Searching for the Dutch-Paris Escape Line
The restrictions and shortages of living under German occupation during the Second World War brought out an impressive creativity among otherwise ordinary and law-abiding citizens. In fact, the whole story of how Dutch-Paris operated an escape line and rescued so many people could be seen as an exercise in creativity, but here’s a smaller, more personal example.
The leader of Dutch-Paris, John Henry Weidner, was living in Paris when the war started. His parents and youngest sister were living in the Netherlands. Now, Papa Weidner was a retired Seventh-day Adventist pastor who taught and translated Greek and Latin. He had a limited income. His son, on the other hand, was doing well selling textiles, at least early in the war.
John Weidner wanted to send money to his parents and sister in the Netherlands. But how? Doing so legally involved a great deal of paperwork and considerable taxes and fees. Even getting a postcard to his parents legally took time and a certain amount of double entendre to get it past the censor.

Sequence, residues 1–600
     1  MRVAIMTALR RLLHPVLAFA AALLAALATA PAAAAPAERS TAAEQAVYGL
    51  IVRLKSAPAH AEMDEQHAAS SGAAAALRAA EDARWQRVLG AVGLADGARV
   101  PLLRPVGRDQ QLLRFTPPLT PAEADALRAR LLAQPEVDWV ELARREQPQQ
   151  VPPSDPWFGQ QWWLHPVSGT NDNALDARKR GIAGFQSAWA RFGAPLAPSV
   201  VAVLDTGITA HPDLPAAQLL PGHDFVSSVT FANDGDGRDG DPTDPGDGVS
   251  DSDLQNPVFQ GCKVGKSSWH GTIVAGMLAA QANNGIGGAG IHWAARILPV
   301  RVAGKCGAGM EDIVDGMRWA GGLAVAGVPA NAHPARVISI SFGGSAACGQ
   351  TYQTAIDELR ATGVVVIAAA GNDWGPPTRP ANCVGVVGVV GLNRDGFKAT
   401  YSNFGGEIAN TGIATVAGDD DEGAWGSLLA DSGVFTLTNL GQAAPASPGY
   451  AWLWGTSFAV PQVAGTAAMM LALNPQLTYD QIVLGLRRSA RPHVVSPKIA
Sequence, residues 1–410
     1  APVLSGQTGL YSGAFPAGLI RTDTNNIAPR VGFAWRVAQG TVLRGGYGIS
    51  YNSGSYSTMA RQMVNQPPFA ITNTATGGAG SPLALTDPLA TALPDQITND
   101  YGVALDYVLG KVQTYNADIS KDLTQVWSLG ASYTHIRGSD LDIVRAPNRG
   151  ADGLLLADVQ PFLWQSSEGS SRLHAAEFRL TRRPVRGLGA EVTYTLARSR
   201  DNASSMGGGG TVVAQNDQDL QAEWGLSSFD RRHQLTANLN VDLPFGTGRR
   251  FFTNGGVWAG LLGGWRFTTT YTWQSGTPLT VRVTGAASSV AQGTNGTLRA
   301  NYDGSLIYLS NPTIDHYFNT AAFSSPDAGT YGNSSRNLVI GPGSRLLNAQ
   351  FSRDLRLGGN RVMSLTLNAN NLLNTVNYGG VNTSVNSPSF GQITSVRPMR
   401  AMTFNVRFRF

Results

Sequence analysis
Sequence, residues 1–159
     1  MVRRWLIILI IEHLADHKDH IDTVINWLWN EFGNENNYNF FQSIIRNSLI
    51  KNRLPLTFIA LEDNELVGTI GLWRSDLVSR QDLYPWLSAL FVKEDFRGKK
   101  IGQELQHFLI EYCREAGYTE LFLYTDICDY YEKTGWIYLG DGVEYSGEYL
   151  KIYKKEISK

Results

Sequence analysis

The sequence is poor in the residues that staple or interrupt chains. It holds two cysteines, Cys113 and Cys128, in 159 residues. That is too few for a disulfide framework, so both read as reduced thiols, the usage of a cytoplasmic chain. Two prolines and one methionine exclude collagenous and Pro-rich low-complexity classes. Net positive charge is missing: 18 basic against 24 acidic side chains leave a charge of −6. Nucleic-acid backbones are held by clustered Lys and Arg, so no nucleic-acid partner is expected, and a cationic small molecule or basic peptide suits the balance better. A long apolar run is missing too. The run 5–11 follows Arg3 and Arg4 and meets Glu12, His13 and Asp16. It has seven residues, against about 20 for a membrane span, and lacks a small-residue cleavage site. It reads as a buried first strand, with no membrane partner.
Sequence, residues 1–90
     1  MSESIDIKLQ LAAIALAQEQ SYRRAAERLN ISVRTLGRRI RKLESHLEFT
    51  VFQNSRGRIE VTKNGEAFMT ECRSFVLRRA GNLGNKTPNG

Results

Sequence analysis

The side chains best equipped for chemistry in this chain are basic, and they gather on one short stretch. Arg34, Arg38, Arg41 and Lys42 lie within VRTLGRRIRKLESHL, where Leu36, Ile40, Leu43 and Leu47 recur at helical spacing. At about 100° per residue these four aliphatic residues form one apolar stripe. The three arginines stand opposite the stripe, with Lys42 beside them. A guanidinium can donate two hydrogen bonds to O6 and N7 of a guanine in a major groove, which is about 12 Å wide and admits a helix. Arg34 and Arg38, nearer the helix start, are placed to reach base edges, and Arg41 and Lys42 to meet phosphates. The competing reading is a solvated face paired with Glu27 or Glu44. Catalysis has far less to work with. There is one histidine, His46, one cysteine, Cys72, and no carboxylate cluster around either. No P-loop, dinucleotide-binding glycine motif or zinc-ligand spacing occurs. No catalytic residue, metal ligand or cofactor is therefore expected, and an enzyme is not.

So Weidner sent his father postage stamps. Like many Dutchmen at the time, both of them collected stamps. Weidner, who could judge the value of a rare stamp, bought them in France. Then he sent them to his father to convert into cash by selling them. This provided an elegant way to avoid the taxes and questions that would have accompanied any attempt to legally exchange French or Swiss or even Belgian francs into Dutch guilders.
It’s not entirely clear how Weidner sent the valuable stamps from France to the Netherlands. All letters and packages were censored and many went astray. He probably asked other resisters or Adventists who were traveling to the Netherlands, either legally or illegally, to deliver them. He certainly asked at least two Dutch-Paris couriers to visit his parents on his behalf. Compared to the elaborate schemes that he and other Dutch-Paris resisters came up with to exchange and transfer the money that the line needed to help fugitives, sending money to his parents in the form of postage stamps was a simple matter.
Thanks to Janet Carper, who has translated the Weidner family wartime correspondence, for sharing her work and the postage stamp story with me.